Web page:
Interview: Elaine C Smith – 'actors lie all the time'

Elaine C Smith on Bute House, Beyoncé, Big Yin and Burdz Eye View

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Elaine C Smith in costume as Miss Hannigan in Annie

Elaine C Smith as Miss Hannigan in Annie / credit: Matt Crockett

To many, Elaine C Smith is still best known as Rab C Nesbitt’s long-suffering wife Mary Doll. To many others, she’s a respected stage actress or advocate of many diverse causes. As she appears on TV in Two Doors Down, and takes to the stage in That’s Entertainment and as Miss Hannigan in Annie, Smith takes on our First & Last quiz.

First record you ever bought
The first single I ever bought was by the 5th Dimension: ‘(Last Night) I Didn't Get to Sleep at All’ which I bought from Mills Record Shop in Brandon Street, Motherwell. The first album was James Taylor’s Mud Slide Slim and the Blue Horizon bought from a catalogue where I paid it up at 5p a week from my pocket money!

Last extravagant purchase you made
I suppose my car, a Mercedes B Class. I'm not really into the whole designer clothes stuff but I do own a Mulberry handbag.

First film you saw that really moved you
When I was a child it was probably something like Lassie or Old Yeller. As I got older it was probably One Flew Over the Cuckoo’s Nest. That film stayed with me for days and days; I found it so moving and distressing. But I was also a sucker for musicals like A Star is Born: they moved me in a different romantic / tragic way.

Last lie you told
That’s hard as actors lie all the time: we've got to pretend to be someone else for a living. In real life it’s probably been, ‘no, I'm not tired, I'm fine!!’

First movie you ever went on a date to
Believe it or not, it was A Clockwork Orange at the Rex cinema in Motherwell with my first real boyfriend Stephen! Not exactly a perfect date movie and I found it really violent and weird.

Last time you cried
Watching the events unfold in Brussels and listening to a grandmother talk about being in the airport with her young grandson: her words were so moving and full of sadness but had a desire to understand. I'm a real greeter anyway and I cry at so many things every day. Watching my grand-daughter play or hearing her first big giggle makes me cry!

First thing you do when you've got time off work
Get into my jammies and watch a box set of something like The Bridge or Spin: bliss! Well that and a Lindt chocolate bunny.

Last great meal you cooked
We tend to try and get the family around on a Sunday if we are all free, so a good roast chicken or lamb dish last week was probably the last one.

First crush
Marc Bolan: no question!

Last book you read
Just finished Andrew O’Hagan’s The Illuminations which was beautiful and wonderful and I’m now reading Christopher Brookmyre’s Black Widow. I read all the time and I love a great story that’s brilliantly written and funny.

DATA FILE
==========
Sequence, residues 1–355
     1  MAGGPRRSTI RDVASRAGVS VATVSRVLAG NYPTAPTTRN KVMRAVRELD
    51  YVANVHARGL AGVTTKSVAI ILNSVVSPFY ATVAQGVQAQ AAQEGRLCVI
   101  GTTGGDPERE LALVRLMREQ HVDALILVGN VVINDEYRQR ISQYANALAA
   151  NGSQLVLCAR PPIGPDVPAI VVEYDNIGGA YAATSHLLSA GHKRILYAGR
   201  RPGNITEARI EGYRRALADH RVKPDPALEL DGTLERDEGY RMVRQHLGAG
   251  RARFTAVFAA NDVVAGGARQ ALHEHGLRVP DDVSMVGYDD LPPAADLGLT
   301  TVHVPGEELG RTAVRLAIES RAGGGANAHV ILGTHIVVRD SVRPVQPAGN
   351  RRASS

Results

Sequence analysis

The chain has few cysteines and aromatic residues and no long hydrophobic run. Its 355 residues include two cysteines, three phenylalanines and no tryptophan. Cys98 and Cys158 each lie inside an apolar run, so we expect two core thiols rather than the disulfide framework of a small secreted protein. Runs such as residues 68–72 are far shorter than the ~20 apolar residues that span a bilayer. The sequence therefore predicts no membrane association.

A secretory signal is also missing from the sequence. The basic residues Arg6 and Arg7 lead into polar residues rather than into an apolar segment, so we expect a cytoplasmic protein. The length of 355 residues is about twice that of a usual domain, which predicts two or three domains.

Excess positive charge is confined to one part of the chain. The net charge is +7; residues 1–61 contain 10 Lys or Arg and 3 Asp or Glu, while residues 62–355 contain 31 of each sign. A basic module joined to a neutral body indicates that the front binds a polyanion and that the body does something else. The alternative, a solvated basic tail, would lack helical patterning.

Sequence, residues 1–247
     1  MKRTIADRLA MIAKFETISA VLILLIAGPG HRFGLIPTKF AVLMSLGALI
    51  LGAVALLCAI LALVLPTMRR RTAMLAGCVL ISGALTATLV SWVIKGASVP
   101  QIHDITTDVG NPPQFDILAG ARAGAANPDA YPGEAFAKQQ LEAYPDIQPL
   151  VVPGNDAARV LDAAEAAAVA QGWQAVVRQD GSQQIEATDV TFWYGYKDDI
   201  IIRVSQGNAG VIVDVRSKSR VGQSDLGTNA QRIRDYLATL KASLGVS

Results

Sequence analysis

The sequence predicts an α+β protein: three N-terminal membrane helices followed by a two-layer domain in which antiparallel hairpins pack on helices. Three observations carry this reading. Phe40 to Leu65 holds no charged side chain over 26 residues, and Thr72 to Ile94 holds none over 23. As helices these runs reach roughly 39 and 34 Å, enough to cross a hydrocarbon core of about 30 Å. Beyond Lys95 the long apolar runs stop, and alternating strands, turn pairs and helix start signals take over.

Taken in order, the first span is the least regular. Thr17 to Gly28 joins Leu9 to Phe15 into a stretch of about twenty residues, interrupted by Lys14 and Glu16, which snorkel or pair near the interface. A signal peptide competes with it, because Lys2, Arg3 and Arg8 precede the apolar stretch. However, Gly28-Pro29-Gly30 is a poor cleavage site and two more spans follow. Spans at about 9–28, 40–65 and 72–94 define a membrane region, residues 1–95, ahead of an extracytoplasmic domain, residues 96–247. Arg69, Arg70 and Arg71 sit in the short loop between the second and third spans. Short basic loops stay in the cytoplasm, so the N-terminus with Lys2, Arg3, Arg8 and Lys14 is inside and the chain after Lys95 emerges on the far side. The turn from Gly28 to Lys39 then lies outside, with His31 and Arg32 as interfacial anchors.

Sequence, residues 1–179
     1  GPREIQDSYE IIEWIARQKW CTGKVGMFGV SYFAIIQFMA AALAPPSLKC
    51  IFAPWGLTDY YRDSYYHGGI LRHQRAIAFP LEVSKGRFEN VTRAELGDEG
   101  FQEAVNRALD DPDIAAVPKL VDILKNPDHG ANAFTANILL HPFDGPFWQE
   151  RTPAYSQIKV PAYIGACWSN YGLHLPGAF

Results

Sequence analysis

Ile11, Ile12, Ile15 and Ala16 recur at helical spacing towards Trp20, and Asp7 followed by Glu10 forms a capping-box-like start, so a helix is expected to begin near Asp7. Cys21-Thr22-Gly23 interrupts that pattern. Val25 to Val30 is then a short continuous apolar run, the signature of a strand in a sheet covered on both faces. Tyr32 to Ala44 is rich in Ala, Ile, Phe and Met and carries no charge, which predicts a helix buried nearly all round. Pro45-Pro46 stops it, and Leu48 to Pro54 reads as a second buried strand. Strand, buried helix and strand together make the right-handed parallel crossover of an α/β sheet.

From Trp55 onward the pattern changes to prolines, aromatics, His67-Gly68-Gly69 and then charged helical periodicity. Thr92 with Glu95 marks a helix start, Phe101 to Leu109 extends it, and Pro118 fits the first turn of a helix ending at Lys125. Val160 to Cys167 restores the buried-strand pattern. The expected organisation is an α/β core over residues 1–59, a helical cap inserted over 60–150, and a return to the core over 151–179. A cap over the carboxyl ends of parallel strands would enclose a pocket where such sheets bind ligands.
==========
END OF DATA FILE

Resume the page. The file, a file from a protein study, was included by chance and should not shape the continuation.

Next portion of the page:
First great piece of advice you were given
I've had tons of great advice from lots of different people. The trick is to try and listen: from Oprah to producers, directors and actors. My husband is very steady and thoughtful and when I get upset or worried he will just tell me to keep going; he always told me to not look at the criticism headed in my direction. As a visible, lippy woman I would always be a target; his best advice was to care about and stay with the people: the audience will tell you the truth, and he's right. The wonderful actress Kay Gallie said to me years ago: 'forgive yourself and get on with it’ and that’s stayed with me. We all make mistakes and get things wrong; it’s not the falling down, it’s how you get back up that says who you are as a person.

Last time you were star-struck
I did the Ryder Cup concert at the Hydro a couple of years ago and was completely star-struck by Nile Rogers, a fabulous musician and performer. I'm a disco queen at heart and he was so kind and generous. That makes the difference: too many of my heroes have turned out to have feet of clay. I met James Taylor a few years ago and that’s still the highlight because I could hardly speak and then made an arse of myself by telling him that ‘his music had been the backdrop to my life’ or something. But he thanked me and gave me a kiss.

First thing you'd do if you ran the country
Eradicate poverty. Well, that would be the hope and intention of my government. It’s at the root of everything that’s wrong: health, education, inequality. But first I'd probably redecorate Bute House! Though I'd pay for it myself!

Last meal on earth
Chocolate.

First song you'll sing at karaoke
Anastacia’s ‘Not That Kind’ followed by Patsy Cline / Willie Nelson's ‘Crazy’.

Last time you exploited your position to get something
Actually I rail against all that, all the 'don’t you know who I am?’ stuff. I always feel that if you've got to say that, then they patently don't know and don't care either! In a weird way in Scotland when people see me or hear your name for a restaurant booking or something, then they are the ones who change things and suddenly find you a table or upgrade your room in a hotel. Generally people are incredibly kind and generous and I feel strange being on the receiving end of that generosity but I rarely ask. I'd probably do it more to get other people helped out.